# Once Continuously Differentiable?

I'm hoping someone can clarify this because I can't seem to find a solid answer.

I know functions can be continuously differentiable, but I just read in a textbook "this applies to once continuously differentiable..." but they don't give an example and google seems unhelpful.

Am I right in assuming that once continuously differentiable is equivalent to continuously differentiable?

If not can you please provide an example that clearly demonstrates the difference.

• Yes, what this is emphasising is that one needs not assume the function is twice continuously differentiable, that is there is no need to assume its derivative also has a continuous derivative. – Angina Seng Mar 6 '18 at 10:56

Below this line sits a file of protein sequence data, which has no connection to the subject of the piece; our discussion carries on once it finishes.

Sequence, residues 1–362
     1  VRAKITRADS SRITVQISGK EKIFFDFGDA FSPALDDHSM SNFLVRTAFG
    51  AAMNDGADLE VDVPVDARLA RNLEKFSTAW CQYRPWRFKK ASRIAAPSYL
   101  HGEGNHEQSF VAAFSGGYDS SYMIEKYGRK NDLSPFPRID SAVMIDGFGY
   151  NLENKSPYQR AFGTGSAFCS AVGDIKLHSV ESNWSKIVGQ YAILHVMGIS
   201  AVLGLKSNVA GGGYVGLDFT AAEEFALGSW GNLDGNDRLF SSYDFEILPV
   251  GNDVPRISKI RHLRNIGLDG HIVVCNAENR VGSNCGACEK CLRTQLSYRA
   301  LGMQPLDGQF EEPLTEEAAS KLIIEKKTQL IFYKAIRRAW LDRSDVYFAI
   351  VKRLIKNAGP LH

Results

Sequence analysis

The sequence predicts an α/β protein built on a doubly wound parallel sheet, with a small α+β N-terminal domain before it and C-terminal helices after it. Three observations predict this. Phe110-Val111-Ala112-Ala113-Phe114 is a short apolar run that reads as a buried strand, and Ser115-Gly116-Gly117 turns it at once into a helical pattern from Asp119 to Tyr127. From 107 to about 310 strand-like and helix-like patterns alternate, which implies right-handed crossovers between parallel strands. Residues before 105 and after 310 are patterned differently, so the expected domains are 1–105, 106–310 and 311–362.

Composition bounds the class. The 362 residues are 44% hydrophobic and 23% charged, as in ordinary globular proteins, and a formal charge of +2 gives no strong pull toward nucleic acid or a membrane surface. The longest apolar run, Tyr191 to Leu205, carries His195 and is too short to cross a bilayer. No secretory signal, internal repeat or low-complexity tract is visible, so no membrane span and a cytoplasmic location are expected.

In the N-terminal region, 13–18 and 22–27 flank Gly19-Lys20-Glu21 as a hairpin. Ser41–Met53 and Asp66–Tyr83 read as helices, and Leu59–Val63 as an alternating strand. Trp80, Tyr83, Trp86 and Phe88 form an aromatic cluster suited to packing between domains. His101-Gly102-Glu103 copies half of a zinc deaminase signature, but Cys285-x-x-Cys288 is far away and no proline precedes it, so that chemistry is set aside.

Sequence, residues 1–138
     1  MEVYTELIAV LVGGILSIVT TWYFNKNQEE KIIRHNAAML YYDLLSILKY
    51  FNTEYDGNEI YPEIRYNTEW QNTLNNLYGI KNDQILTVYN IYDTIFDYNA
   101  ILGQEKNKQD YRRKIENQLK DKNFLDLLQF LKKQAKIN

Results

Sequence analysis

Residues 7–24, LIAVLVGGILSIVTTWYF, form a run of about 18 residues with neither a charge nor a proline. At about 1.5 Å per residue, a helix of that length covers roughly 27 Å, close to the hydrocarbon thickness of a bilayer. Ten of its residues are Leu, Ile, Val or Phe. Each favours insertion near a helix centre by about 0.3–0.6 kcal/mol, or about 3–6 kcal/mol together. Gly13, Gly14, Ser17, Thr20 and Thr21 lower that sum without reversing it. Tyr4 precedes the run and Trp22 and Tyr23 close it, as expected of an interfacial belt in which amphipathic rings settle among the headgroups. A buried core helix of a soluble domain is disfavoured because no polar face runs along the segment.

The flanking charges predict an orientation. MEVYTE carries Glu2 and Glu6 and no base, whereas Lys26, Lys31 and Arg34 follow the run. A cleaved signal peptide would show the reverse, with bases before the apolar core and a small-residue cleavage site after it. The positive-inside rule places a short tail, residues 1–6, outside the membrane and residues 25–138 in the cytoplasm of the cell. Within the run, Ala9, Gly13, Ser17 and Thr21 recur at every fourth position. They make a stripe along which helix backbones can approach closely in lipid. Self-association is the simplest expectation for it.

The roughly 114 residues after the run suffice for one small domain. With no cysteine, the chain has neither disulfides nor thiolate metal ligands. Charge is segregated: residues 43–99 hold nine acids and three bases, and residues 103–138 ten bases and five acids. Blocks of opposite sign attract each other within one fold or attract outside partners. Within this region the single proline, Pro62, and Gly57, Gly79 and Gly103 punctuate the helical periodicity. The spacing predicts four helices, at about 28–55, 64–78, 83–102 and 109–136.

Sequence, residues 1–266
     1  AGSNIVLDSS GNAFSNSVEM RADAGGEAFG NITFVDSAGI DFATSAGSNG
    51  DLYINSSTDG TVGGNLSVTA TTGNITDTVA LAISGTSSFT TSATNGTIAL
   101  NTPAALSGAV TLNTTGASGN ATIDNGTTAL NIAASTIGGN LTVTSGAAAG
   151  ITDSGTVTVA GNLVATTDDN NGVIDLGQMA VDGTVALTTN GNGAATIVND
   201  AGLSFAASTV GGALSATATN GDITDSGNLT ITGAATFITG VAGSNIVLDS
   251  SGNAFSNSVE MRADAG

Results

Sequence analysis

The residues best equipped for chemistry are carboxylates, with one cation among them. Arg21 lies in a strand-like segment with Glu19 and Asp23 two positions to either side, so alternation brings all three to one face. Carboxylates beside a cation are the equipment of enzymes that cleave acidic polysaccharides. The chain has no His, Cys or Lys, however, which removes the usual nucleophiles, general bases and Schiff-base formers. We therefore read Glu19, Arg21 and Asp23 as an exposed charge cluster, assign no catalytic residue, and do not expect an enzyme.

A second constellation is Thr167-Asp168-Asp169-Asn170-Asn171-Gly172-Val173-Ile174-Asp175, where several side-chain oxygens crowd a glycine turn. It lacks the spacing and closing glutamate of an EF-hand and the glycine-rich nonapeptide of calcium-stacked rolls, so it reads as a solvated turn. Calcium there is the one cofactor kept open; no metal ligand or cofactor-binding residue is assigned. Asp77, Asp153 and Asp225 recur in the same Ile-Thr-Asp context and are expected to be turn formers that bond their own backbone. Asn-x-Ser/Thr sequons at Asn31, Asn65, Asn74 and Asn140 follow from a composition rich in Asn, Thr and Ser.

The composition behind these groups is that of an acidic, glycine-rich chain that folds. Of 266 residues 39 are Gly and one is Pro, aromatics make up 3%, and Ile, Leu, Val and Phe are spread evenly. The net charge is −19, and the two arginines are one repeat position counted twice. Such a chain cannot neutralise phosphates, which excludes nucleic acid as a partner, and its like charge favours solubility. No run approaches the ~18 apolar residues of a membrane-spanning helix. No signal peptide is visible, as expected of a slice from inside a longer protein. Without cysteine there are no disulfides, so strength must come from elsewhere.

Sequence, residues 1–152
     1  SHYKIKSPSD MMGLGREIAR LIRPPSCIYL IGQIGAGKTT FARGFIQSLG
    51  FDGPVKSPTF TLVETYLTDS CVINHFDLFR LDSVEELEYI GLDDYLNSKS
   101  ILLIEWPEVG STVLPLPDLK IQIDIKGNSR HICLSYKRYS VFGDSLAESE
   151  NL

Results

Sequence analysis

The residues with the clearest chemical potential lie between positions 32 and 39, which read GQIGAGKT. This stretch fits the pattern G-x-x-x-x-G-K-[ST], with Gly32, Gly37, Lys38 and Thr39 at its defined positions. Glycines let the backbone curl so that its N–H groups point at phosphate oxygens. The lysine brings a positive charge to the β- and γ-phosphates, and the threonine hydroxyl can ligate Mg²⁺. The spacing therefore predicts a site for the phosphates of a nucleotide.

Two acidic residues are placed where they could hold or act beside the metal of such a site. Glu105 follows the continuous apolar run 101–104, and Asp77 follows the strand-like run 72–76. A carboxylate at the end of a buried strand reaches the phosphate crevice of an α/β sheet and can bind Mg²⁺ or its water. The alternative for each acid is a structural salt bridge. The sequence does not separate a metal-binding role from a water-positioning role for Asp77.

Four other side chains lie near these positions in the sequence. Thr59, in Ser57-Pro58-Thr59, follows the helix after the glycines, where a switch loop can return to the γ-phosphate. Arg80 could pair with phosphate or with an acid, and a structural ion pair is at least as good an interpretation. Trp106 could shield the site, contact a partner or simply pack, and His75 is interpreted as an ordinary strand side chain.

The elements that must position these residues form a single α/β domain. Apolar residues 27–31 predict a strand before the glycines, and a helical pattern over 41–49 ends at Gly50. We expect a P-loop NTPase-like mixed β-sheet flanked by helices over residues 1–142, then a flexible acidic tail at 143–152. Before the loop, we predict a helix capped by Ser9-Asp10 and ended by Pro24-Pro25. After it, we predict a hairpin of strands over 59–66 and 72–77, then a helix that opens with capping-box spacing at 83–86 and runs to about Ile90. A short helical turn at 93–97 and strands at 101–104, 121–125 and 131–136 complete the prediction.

$$x\mapsto \cases{0 & if x < 0\\x^2 & otherwise}$$
• Yes this is simpler to see and assuming $x^n$ we can find examples for $n-1$ times continuously differentiable. You are welcome! Bye – user Mar 6 '18 at 11:28
Once continuously differentiable is indeed equivalent to continuously differentiable, but it emphasis the point that the function may not be more than once continuously differentiable. For example : $$x\mapsto \cases{0 & if x = 0\\x^3\sin\left(\frac{1}{x}\right) & otherwise}$$ is exactly one time continuously differentiable.
• @KennyB : if you compute the derivative of it over $\mathbb{R}\setminus \{0\}$ you will have $2x\sin(1/x)-x \cos(1/x)$ which you can show it is the derivative over $\mathbb{R}$ by taking $0$ at $x=0$, but if you derivate again, you will have terms like $\sin(1/x)$ alone and it can't be continuous at $0$. – Netchaiev Mar 6 '18 at 12:43